Choosing a Panel Radiator


Use our Heat Requirement Calculation Guidelines to know the output required for each room.

Radiator Size

What would fit better your room? A slimline radiator that protrudes less into the room or a shorter radiator that takes less space of the wall?

We offer over 130 different sizes to match your requirements

Radiator Types H (Type 11, Type 21, Type 22, Type 33)

As a general rule, smaller radiators are more efficient as they have a lower water content that allows them to adapt better to changing conditions; however larger units have higher outputs so are more effective when it comes to heat a room from cold.

The optimum is to keep the radiator size as small as possible but large enough to exceed slightly the heat requirements of the room.

What else do I need?

A set of TRV and lockshield valves. Angled or Straight, depending on the pipework
Angled Valves    Straight Valves

Where to buy Kudox Panel Radiators

What's inside the box?


Installation Tools Required

Central Heating Towel Rails: Installation Tools Required

Installation Guide - Kudox Panel Radiators

  1. Screw the Blank Plug and the Air Vent Plug into the top two threads & tighten firmly with a 22mm or adjustable spanner.
  2. Wind a thick layer of PTFE tape, clockwise around the radiator valve tails (not supplied) & screw the radiator valve tails into the bottom two threads & tighten with a spanner.
  3. Check that the wall is strong enough to hold the weight of the radiator filled with water. On plasterboard walls, we strongly recommend fixing to the timbers.
  4. The bottom of the Brackets should be at least 232mm above the finished floor level so that the bottom of the radiator is at least 150mm above the finished floor level. The wide side of the Bracket should normally be against the wall unless you are trying to align with existing pipework and need the radiator further off the wall. Mark the Bracket positions on the wall and then use one of the Brackets to mark the top slot positions.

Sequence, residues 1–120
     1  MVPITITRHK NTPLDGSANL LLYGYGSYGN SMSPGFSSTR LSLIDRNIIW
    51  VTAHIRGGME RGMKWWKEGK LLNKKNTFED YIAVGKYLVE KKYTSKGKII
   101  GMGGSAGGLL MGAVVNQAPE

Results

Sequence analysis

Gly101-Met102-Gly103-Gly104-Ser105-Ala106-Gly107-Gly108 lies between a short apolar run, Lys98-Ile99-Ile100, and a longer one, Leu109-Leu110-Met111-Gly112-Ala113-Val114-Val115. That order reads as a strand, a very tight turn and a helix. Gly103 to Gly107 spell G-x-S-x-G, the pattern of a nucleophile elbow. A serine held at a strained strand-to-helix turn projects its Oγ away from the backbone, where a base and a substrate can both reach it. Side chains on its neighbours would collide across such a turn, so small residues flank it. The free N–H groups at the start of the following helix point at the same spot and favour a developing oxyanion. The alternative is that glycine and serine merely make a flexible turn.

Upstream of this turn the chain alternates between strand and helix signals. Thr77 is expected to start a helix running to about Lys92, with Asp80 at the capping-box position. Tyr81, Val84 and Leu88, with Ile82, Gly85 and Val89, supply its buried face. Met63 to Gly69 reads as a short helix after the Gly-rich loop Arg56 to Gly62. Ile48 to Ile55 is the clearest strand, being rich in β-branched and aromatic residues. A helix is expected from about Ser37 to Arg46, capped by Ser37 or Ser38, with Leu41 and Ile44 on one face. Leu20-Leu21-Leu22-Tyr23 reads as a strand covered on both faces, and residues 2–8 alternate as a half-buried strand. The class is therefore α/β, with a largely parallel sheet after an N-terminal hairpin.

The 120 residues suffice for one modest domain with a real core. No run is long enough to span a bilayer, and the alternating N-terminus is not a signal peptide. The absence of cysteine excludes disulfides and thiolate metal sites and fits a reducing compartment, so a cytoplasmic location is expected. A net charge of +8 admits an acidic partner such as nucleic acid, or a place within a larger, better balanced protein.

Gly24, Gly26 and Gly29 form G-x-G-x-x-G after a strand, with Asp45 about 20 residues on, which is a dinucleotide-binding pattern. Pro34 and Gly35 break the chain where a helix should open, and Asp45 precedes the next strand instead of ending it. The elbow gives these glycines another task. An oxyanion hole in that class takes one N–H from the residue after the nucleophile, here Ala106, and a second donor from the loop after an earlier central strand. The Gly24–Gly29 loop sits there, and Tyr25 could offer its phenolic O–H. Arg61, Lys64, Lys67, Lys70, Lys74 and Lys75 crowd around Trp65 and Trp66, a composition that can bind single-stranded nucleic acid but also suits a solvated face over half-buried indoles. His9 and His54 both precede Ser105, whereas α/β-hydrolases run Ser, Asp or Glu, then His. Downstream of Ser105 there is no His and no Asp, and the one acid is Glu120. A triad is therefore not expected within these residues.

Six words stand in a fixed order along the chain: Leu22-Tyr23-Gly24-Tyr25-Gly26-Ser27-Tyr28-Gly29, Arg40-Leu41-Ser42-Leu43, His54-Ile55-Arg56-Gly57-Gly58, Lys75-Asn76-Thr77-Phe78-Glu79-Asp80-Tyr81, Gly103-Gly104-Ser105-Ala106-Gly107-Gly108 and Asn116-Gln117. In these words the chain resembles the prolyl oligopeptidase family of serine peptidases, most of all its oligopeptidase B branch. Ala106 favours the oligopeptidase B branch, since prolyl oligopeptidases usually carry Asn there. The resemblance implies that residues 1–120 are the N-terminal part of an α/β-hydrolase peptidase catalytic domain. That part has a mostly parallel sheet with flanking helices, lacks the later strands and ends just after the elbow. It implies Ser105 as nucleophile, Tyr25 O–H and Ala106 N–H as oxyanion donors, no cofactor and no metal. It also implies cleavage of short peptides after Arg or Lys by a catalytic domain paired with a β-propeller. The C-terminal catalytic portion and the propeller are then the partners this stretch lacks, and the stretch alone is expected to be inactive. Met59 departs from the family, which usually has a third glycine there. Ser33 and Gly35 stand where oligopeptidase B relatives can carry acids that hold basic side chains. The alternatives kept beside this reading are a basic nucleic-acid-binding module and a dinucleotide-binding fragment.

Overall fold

5. Drill the top holes in the middle of the slot markings, for the fixings you intend to use. The Wall Plugs supplied are only suitable for solid walls and you will need alternative fixings for other wall types. Screw the Brackets to the wall through the top slot and level the Brackets horizontally and vertically. Mark the bottom hole position through the Wall Bracket and then swivel the Bracket out of the way to drill the bottom holes. Using the slot at the top allows for initial adjustment and using the hole at the bottom prevents vertical movement. Screw the bottom fixings through the bottom hole in the Bracket and tighten all 4 fixings.
  6. Place the plastic Bracket Buffers into the slots on the Brackets.
  7. Lift the radiator into position on the Brackets.
  8. Connect the radiator valves (not supplied) and fill the system to check for leaks and fix as necessary.
  9. Flush the entire system with a DWTA approved central heating cleanser and then refill using a DWTA approved central heating protector.
  10. Run the system up to full temperature and release any trapped air using the Air Vent Plug and the installation is complete.

How to remove the inlet thread plugs from a radiator

We recommend to use a Wide Head Flat Screwdriver (10mm) and turn it anti-clockwise.

How to remove the inlet thread plugs from a radiator

How to bleed a radiator

How to bleed a radiatorThe easiest is to use the Air Vent Key supplied with your radiator. Just switch off the heating, insert the key into the groove of the air vent plug and turn it anti-clockwise until you hear a hissing sound.